Stress, Ergonomics & Computer Injuries

Stress, Ergonomics & Computer Injuries
An employee may have had the best of ergonomic interventions and still be experiencing signs of carpal tunnel syndrome or other repetitive strain injuries. Work methods and general health issues can also impact vulnerability to developing an injury. Often in the hand therapy clinic when I am treating these injuries, my client will report that their painful condition began as stress from the workload, the work environment, the work project, or relationships with co-workers increased.

In an April 2009 Newsletter on Workplace Stress, Canada’s National Occupational Health & Safety Resource outlines the (CCOHS) physical and mental cost of stress on the health of employees. Although stress can have some positive effects, the negative effects of anxiety, fatigue and dissatisfaction can cause physical, psychosocial and behavioral symptoms that impact a company’s bottom line. The article outlines organizational changes that can be made to help employees achieve an improved work-life balance and promote general health. Suggestions will help the employee gain satisfaction with the job being completed, with the employee’s role in the organization and their career development, with interpersonal relationships at work, and with the organizational structure of the work.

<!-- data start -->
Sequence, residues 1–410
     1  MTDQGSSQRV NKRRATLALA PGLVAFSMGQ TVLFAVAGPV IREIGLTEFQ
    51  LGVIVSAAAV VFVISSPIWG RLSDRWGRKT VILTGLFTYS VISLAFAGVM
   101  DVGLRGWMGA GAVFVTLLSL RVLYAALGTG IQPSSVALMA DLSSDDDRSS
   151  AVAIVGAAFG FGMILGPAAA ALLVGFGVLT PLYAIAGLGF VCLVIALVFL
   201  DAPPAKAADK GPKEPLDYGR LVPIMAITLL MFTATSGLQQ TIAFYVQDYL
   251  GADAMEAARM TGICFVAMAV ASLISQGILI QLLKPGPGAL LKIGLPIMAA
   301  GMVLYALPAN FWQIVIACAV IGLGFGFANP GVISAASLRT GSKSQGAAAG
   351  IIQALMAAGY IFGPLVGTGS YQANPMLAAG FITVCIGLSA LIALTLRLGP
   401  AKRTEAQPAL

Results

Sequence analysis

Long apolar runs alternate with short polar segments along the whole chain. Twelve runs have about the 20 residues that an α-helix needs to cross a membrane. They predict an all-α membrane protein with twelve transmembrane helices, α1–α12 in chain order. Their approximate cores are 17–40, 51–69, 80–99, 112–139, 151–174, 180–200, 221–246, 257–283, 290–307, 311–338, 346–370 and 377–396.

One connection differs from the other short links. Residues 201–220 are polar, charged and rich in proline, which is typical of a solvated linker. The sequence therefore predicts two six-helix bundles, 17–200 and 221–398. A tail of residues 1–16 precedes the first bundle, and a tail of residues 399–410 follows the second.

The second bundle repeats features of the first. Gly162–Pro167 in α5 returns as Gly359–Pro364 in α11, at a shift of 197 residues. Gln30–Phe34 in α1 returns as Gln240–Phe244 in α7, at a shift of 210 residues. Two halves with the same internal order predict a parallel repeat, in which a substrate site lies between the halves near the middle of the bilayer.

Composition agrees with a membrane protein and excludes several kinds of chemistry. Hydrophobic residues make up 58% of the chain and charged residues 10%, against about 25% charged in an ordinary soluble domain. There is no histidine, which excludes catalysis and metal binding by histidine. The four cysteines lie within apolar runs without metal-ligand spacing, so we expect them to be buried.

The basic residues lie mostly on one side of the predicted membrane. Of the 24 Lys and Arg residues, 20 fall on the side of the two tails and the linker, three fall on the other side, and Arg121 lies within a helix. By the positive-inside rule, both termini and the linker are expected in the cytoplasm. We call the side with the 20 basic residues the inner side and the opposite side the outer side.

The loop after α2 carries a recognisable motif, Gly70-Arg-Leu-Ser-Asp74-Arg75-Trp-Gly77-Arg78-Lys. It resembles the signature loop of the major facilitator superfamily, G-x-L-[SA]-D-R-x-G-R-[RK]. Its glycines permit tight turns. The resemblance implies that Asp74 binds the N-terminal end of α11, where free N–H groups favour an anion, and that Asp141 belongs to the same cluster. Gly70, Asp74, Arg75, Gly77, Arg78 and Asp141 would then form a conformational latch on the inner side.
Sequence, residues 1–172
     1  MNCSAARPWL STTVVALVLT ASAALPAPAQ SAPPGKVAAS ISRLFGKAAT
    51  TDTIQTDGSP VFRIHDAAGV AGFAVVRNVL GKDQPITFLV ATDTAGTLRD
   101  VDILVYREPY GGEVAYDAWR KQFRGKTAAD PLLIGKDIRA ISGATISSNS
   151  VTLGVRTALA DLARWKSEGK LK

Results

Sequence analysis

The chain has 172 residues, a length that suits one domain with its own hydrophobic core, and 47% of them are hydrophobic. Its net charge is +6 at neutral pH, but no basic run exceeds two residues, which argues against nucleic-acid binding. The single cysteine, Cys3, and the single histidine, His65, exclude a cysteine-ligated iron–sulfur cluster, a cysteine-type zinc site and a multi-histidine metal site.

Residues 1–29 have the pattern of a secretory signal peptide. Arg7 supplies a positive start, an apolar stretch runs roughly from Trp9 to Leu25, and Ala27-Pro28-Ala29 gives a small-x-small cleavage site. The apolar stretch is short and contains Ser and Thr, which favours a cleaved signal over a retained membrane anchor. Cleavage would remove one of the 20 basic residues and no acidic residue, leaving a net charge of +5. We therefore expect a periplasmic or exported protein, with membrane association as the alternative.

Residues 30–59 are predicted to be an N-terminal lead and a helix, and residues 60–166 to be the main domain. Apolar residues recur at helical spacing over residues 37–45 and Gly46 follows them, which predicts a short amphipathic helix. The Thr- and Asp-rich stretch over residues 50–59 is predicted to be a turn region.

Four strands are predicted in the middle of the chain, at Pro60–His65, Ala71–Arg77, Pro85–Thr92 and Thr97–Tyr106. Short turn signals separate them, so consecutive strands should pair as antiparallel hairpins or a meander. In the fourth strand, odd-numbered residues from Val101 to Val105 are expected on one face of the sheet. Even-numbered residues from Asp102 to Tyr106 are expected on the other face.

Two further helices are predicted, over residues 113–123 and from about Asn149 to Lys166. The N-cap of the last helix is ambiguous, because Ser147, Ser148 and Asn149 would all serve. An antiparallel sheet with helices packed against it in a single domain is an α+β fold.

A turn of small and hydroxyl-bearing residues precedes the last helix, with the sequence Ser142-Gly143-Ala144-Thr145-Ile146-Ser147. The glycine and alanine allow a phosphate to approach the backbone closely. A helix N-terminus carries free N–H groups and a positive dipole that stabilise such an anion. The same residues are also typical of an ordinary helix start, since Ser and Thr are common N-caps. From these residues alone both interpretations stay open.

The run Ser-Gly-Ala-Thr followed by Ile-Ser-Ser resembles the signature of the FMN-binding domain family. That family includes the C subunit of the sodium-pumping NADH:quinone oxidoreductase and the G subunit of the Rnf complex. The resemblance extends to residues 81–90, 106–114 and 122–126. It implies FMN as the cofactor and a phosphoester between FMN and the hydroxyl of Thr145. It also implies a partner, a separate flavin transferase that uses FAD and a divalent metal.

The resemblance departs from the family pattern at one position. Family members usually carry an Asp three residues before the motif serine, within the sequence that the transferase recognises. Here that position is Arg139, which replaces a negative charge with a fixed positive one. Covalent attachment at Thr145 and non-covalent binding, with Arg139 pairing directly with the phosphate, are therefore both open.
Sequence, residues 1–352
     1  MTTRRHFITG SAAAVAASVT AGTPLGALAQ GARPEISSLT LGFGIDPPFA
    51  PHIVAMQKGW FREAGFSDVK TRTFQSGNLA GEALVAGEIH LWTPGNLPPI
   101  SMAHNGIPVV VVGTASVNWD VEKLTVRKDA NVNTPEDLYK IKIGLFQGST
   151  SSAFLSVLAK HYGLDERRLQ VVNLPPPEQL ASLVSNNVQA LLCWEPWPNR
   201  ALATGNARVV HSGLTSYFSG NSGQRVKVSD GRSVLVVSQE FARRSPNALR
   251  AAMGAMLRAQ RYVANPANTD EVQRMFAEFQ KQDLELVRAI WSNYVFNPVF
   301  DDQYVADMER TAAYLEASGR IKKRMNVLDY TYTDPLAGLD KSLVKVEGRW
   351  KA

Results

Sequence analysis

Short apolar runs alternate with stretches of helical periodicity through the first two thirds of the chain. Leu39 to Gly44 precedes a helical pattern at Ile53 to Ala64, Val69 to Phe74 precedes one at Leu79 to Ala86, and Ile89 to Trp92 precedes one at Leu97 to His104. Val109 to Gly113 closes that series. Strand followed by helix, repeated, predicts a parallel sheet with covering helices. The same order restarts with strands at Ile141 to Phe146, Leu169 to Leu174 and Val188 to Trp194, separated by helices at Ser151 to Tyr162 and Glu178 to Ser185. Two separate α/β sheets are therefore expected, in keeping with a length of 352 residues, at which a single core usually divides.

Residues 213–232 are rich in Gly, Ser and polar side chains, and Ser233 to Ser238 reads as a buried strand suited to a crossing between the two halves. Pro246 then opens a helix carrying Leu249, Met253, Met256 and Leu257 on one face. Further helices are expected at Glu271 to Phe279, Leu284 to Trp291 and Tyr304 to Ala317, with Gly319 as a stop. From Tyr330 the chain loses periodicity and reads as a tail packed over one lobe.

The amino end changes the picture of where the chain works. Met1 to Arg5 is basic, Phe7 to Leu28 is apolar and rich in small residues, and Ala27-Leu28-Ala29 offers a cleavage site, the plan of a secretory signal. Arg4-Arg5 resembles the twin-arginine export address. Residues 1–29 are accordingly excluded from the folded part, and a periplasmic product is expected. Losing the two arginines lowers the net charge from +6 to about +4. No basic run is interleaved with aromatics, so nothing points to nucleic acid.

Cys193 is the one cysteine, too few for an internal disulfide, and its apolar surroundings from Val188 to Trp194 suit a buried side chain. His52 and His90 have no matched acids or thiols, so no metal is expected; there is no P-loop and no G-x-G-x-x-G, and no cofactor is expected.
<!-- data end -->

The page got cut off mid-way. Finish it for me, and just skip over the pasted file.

4 Phases of Stress and the level of intervention needed are outlined:
  • Phase 1 - Warning Signs: Recommendations include increasing time for self, taking a vacation, talking with supportive friends and family
  • Phase 2 - Mild Symptoms: life-style changes are needed to relieve stress; short term counseling may be necessary
  • Phase 3 - Entrenched Cumulative Stress: medical and psychological intervention may be necessary
  • Phase 4 - Severe Debilitating Cumulative Stress – requires significant intervention from professionals

Some recommendations employers can implement that will help improve workplace symptoms include:
  • Treat all employees in a fair and respectful manner
  • Learn signs and symptoms of stress; if observed, treat the situation seriously and do not ignore it
  • Involve employees in decision making processes and allow for their input
  • Make sure that staff has the training, skills and resources they need
  • Balance the workload
  • Do not tolerate bullying or harassment

Next week’s conclusion to this series will discuss methods in which individuals can reduce stress and promote a healthy life-work balance to improve general emotional and physical health.

Marji Hajic is an Occupational Therapist and a Certified Hand Therapist practicing at the Hand Therapy & Occupational Fitness Center in Santa Barbara, California. For more information on hand and upper extremity injuries, prevention and recovery, visit Hand Health Resources.

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